It was ‘abhay’ that lay at the core of his concept of Satyagraha. He went to the extent of saying that Ahimsa was the weapon of the brave and violence was preferable to cowardice. In Noakhali too, he told the Hindus of the area to be fearless and stand against the rioters for their honour and dignity rather than flee their homes. Speaking at the prayer meeting in Delhi on October 29, on the day he boarded the train to Calcutta to go to Noakhali, Gandhi declared, ‘According to the teaching of the Gita, the first requisite for spiritual conduct was fearlessness…without fearlessness all other virtues were turned into dust. Attainment of truth or non-violence was impossible without fearlessness.’ (Collected Works of Mahatma Gandhi, Volume-86, page 36). Indeed instilling abhay in the mind and heart of people is an essential element of any struggle against an oppressive system past or present.

Gandhi told Hindus of Noakhali to be fearless and not leave their homes even if it meant certain death. Speaking at Goalundo on 6th November 1946 he said, ‘fight violence with non-violence if you can and if you can’t do that, fight violence by any other means, even if it means your utter extinction. But in no case should you leave your hearths and homes to be looted and burnt.’ (Collected Works of Mahatma Gandhi, Volume-86, page 86).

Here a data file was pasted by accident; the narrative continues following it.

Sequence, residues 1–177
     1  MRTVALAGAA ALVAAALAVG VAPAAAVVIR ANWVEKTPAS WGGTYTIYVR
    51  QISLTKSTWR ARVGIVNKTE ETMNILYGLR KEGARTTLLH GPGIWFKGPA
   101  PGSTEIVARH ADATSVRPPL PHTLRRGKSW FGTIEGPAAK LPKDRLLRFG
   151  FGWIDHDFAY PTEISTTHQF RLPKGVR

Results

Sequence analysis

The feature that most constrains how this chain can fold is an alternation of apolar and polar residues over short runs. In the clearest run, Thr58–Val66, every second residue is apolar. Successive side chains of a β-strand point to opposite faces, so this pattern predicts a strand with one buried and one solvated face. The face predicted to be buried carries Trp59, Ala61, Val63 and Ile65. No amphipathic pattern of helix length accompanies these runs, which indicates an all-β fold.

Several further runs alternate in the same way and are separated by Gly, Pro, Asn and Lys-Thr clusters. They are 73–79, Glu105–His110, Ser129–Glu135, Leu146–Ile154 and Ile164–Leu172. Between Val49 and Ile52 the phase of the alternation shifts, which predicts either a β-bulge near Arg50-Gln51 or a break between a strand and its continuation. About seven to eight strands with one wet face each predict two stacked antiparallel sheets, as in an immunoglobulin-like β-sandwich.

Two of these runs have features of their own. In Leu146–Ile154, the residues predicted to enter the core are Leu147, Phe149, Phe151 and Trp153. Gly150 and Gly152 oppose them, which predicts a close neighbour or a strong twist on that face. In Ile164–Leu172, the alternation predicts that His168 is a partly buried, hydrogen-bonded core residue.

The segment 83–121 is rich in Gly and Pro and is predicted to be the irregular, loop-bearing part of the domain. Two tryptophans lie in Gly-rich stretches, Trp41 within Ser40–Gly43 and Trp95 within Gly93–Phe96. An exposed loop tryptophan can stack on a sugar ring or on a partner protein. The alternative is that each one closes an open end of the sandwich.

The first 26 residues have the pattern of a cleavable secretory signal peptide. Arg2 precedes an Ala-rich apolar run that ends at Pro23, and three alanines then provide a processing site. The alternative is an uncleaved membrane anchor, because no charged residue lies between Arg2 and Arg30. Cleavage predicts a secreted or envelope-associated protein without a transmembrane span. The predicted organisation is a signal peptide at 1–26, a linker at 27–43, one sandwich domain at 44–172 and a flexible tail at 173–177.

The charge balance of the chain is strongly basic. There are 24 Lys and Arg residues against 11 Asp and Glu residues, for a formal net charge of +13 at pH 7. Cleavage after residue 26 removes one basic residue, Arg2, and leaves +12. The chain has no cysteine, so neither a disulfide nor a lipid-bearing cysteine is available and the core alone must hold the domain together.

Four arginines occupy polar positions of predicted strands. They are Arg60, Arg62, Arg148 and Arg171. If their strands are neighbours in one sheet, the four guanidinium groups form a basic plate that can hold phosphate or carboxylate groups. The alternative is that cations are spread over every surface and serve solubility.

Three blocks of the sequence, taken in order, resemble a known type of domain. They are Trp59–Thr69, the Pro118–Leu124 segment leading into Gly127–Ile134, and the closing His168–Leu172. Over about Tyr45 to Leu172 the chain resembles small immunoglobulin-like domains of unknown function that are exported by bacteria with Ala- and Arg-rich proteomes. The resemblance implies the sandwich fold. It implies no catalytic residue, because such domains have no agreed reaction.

Gandhi was deeply anguished by incidents in Bihar where Muslims were killed in large numbers by Hindus. While still in Calcutta on way to Noakhali, speaking to relief workers in Chandpur on 1st December 1946 Gandhi said, ‘Biharis have behaved as cowards. Use your arms well, if you must. Do not ill use them…..if the Biharis wanted to retaliate, they could have gone to Noakhali and died to a man…..the best succour that Bihar could have given to the Hindus of East Bengal would have been to guarantee with their own lives the absolute safety to the Muslim population living in their midst.’ (Collected Works of Mahatma Gandhi, Volume-86, 92-93).

It gives an insight into Gandhi’s deeply nuanced understanding of the question of violence and non-violence. Indeed, his understanding of the principle of non-violence was not a mechanical formula to be used everywhere. The question of violence and non-violence for Gandhi was deeply contextual and premised on several prerequisites including the need to be fearless and brave for non-violence to be really effective.